It’s ok to fall (1): Jesus lets us

There’s a bouncy feel to the rhythm of Mark’s story-telling. I can track the Gospel of Mark on a chart in terms of highs and lows:

The highs are the remarkable, miraculous, inexplicable even sensational events witnessed by story-tellers. Beginning with the baptism of Jesus in the first chapter (v.9-11) — voices from heaven, clouds parting, dove descending.

Then, mid-way through the Gospel Jesus goes atop a mountain and turns into this divine, ethereal being before the disciples’ eyes (Mark 9:2-9). Giants from Hebrew history — Moses and Elijah — appear out of thin air, clouds roil and again a voice from heaven. And, in the last chapter (16:9-20), of course, the brief but significant mention of Jesus’ glorious resurrection from the dead. These are definitely ‘highs’.

The lows are a bit more tricky. They represent the down-side of Jesus’ ministry — the temptation after forty impoverished days in the desert, the scrutiny of the Pharisees, all culminating in the Passion of Christ: his betrayal, arrest, torture, crucifixion, death and burial. Some original manuscripts of the Gospel of Mark end on a ‘low’: “So [the disciples] went out and fled from the tomb, for terror and amazement had seized them; and they said nothing to anyone, for they were afraid” (v.8).

Talk about bouncy, like what often happens with the outdoor temperature when seasons change!

These lows are tricky, because, as we shall see, they are not really ‘lows’. At least, they are not the final word in the story of faith. There is always an upside past the low. The troubling truth is that the high will not happen without the necessary, preceding low. In other words, before we rise we must know to fall.

I told this story already once before but it bears repeating. It illustrates the point rather well. And it is a summer-time, water-play story — and my imagination goes there frequently at this frozen time of year.

I was learning to water-ski. In fact, it was the first time I ever tried it, at age thirty. Jessica and I visited with some friends who had a cottage on a small lake nestled in the Bruce Peninsula north of Owen Sound.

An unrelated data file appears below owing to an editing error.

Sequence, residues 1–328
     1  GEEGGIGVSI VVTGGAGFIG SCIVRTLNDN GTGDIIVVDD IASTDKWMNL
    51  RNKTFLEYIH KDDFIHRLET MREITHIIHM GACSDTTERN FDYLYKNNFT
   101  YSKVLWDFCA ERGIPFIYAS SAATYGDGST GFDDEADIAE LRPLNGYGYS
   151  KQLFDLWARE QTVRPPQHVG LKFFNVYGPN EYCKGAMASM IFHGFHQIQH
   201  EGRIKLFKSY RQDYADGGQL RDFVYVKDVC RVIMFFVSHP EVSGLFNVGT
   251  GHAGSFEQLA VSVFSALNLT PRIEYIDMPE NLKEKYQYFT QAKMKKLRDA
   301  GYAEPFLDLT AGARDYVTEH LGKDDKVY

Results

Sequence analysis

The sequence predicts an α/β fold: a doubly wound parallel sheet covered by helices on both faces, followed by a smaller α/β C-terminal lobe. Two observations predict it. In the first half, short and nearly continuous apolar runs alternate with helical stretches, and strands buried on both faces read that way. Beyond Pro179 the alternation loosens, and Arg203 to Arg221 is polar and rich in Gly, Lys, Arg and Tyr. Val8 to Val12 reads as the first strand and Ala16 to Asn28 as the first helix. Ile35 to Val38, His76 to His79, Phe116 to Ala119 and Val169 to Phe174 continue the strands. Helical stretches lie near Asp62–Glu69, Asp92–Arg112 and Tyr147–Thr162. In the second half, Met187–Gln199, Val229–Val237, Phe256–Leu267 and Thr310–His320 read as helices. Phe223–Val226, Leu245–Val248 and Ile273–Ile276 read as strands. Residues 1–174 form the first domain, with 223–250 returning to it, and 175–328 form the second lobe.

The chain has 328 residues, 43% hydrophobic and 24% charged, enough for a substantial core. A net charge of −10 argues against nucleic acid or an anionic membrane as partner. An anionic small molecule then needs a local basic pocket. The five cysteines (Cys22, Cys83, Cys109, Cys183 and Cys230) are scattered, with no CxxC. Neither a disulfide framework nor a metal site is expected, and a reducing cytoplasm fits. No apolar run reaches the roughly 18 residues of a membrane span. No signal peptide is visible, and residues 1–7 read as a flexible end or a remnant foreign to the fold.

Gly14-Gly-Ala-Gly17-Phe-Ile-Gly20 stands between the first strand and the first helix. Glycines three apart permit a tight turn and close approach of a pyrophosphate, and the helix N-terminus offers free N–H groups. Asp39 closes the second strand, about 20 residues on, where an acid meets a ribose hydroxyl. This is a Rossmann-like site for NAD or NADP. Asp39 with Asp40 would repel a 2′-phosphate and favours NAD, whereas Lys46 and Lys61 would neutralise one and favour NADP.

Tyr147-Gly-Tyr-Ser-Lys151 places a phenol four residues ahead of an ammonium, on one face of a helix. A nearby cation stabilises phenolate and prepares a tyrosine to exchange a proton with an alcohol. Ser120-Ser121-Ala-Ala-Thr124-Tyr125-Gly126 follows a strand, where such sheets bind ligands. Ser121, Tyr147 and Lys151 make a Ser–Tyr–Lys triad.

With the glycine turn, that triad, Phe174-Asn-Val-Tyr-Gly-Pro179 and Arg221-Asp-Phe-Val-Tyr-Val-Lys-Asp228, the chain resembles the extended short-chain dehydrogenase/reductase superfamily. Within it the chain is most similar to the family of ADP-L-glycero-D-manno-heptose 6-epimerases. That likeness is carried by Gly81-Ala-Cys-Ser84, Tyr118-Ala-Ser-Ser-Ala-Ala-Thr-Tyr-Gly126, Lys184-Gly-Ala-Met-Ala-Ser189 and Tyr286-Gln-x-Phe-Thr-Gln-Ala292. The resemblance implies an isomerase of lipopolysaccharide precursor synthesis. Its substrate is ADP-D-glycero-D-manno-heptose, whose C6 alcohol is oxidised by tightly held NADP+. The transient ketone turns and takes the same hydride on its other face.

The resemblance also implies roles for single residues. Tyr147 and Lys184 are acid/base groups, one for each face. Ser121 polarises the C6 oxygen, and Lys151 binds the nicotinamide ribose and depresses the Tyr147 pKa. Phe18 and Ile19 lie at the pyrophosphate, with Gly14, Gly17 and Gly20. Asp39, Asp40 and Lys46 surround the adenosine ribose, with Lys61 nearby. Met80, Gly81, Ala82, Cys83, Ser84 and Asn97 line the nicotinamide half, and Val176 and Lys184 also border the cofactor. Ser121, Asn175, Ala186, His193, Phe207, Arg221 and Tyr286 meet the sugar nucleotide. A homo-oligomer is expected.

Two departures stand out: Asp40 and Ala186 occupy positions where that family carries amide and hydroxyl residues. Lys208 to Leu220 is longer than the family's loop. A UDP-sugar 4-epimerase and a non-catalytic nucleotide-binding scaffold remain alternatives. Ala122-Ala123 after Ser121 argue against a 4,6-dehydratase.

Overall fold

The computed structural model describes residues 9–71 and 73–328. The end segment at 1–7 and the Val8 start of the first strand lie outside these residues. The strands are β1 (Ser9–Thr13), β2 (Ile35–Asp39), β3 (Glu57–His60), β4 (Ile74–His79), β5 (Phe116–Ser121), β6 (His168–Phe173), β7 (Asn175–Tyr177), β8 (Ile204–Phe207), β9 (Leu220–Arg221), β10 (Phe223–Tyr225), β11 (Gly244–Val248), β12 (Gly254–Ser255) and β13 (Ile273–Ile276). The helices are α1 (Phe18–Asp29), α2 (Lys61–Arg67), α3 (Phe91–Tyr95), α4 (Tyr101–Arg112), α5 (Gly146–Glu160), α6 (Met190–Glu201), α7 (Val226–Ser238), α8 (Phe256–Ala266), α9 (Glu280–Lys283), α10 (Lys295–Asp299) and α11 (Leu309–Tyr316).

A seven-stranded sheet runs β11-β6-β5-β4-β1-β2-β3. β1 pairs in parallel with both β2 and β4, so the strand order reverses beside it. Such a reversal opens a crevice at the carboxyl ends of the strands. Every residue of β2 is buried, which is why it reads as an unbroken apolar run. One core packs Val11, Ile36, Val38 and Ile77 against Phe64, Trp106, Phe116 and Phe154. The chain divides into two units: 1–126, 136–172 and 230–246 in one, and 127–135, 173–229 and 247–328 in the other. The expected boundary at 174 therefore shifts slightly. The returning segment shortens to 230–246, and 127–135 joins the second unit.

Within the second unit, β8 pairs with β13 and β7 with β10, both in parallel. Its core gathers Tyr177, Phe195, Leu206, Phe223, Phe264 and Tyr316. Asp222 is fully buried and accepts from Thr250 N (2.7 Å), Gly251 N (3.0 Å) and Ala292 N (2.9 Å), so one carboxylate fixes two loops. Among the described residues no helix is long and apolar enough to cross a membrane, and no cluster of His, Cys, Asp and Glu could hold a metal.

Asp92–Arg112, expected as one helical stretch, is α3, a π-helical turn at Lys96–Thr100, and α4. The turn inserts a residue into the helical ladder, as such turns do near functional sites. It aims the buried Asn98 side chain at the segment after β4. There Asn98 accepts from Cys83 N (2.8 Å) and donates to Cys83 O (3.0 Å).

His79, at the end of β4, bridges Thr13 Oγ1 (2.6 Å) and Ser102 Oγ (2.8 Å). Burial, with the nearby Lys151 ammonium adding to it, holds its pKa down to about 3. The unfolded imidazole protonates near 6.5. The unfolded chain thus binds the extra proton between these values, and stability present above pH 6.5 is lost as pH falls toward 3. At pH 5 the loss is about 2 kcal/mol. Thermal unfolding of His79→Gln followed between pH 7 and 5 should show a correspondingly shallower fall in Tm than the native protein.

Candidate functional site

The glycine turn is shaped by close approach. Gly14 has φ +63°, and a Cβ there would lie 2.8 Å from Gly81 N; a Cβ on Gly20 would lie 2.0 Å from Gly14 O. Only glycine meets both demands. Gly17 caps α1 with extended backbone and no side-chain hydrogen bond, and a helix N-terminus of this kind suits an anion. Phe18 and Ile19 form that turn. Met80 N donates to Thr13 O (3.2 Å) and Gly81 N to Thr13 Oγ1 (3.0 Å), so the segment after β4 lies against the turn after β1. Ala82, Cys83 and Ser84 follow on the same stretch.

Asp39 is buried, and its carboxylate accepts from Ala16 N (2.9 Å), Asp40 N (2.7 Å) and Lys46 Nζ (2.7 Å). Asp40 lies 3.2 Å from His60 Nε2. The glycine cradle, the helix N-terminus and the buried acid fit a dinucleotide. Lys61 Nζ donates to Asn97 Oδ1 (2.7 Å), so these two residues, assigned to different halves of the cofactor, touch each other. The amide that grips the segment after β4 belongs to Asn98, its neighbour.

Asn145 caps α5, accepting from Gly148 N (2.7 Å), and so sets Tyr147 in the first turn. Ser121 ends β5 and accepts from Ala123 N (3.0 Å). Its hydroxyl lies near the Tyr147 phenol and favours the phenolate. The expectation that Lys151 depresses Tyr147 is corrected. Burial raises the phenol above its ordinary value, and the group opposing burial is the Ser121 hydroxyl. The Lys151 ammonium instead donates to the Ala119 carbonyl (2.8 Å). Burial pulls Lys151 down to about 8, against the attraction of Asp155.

It was a good lake to learn on. Few cottagers, even fewer boaters. A quiet, round lake. And my friend, John who drove the boat, assured me that we would just circle the lake a few times and when I wanted to stop, just to wave my arm and he would bring me close to shore.

John’s family, gathered with Jessica at shore to watch me. They assured me that it was normal to fall the first time on skis. In fact, they said they didn’t remember anyone ever being able to lift up and out of the water the first time without falling, when the boat accelerated. I think my friends were getting ready for a long afternoon of fits, stops and starts.

Well, were they in for a surprise. Including myself. Well, not really. Because, darn it all, I would employ all my strength and stamina NOT TO FALL!!!!

I was sitting with my skis submerged in the water, when John hit the gas and I felt the first tug. I gripped the tow rope handle with all my power and pulled myself out of the water, and voila! I was skiing! I briefly heard the cheering of my friends on the shore behind me before we were out on the open water and the waves were peeling off the sides of my skis. I enjoyed it for a few minutes.

But then, my back started cramping up, and my thighs began to seize up. We were around the lake a dozen times before I fully realized I was in some incredible pain. But I never wiped out once! It wasn’t until afterward that I came to the conclusion — after impressing everyone, I think — that I never relaxed into the experience. I was so tight because I didn’t want to fall.

And yet, I needed to fall. I needed to just let go into the water to know how it felt. My enjoyment of the experience was dampened because of an unrealistic, and inhuman (I might add) expectation of myself. Even though I never fell waterskiing that first time, even though I was ‘perfect’ at it — have I ever wanted to go again? No.

When I recall, as a child, those times that I truly enjoyed playing in the water — it was those times whenever a huge wave caught me off balance and threw me head over heels onto the beach. Those were the times I jumped up and ran back in with glee. It’s the same thing with water slides, and why we will run back up the steps all afternoon long. There is something important about sliding under the surface of the water, losing control, falling into grace, letting go into the sometimes tumultuous waters of our baptism.